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Wednesday, July 25, 2007 04:12 am

Staying alive

Will the medical district get the cash it needs?

Untitled Document Four years after its inception, the Illinois Medical District at Springfield is like many new businesses: It has big plans and the potential to succeed. All it needs to succeed is some start-up money and effective marketing. A couple of pieces of legislation, sponsored by state Rep. Raymond Poe, R- Springfield, and pending in the Legislature, could provide both of those ingredients. One bill, introduced in February, would provide an infusion of $300,000 per year for 10 years from the state’s general-revenue fund; the other would change the name of the district, located just north of downtown Springfield, to the Mid-Illinois Medical District.
But if history is any indication, medical-district administrators might want to hold off on buying new office furniture. In last year’s Democratic-crafted budget, Springfield’s medical district was shut out, although districts in Chicago and East St. Louis both received funding. Those areas are represented by Democrats; Springfield’s representatives all belong to the minority Republican party. This time around — because no budget was passed before the end of the regular legislative session — Republicans now wield more influence over budget decisions, but budget negotiations with Gov. Rod Blagojevich continue at a snail’s pace. In the meantime, Poe remains cautiously optimistic. “If there’s not lot of new money for the state, it probably won’t make it, and, if there is some new money, then we might have a chance,” Poe says. Poe adds that he’s requested that his party’s leadership to raise the topic of medical-district funding during budget talks. As of press time on Wednesday, no further action had been taken on either bill. Springfield mayor Tim Davlin, a Democrat, says he’s lobbied top Democrats, including Blagojevich, Senate President Emil Jones, and deputy Majority Leader Gary Hannig. “This is of the utmost importance,” Davlin says. “I’ve put it down as my top priority for appropriations for this fiscal year.”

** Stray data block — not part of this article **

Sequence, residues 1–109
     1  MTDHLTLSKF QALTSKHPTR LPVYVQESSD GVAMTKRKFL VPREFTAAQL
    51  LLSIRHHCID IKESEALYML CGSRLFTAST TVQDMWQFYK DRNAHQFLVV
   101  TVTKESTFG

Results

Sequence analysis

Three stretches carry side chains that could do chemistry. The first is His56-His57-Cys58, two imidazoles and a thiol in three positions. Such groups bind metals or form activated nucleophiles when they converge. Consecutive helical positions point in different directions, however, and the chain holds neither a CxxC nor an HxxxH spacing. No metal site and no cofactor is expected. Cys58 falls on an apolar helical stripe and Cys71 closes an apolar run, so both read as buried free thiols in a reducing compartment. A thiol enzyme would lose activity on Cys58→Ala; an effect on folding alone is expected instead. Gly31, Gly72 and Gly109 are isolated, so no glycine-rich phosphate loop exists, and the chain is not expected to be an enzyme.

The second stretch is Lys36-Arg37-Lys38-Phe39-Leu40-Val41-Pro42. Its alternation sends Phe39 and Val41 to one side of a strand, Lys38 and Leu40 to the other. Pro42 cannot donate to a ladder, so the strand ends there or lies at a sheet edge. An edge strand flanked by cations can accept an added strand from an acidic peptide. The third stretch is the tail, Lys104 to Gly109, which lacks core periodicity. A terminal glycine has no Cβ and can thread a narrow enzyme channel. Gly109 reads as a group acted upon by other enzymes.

Until this point, state grants have funded the bulk of the preliminary planning for the district, which the legislature created in 2003. North Grand Avenue and Walnut, 11th, and Madison streets are its boundaries. An 11-member medical-district commission has the authority to lease, sell, and improve real estate in the area and may also finance projects using tax-exempt bonds. Part of the initial $300,000 grant went towards drafting a master plan, which the City Council approved in early 2006. The medical-district commission spent the remainder on creating a marketing plan. Another $50,000 grant to study traffic flow and plan landscaping went to the district last fall.
Michael Boer, president of the medical-district commission, says that additional funding is needed to cover start-up and operational costs, such as paying office staff and administrators and funding marketing activities. Without the money, he says, volunteers will continue running the district’s operations, at least for the foreseeable future. Boer says that he’s encouraged. “We made more opportunities this year to interact with folks on both sides of the aisle about why the legislative changes are important to realizing the potential that the district has,” Boer says. “People on both sides of the aisle were good enough to give us an audience to convince them of that.”

Contact R.L. Nave at rnave@illinois.com
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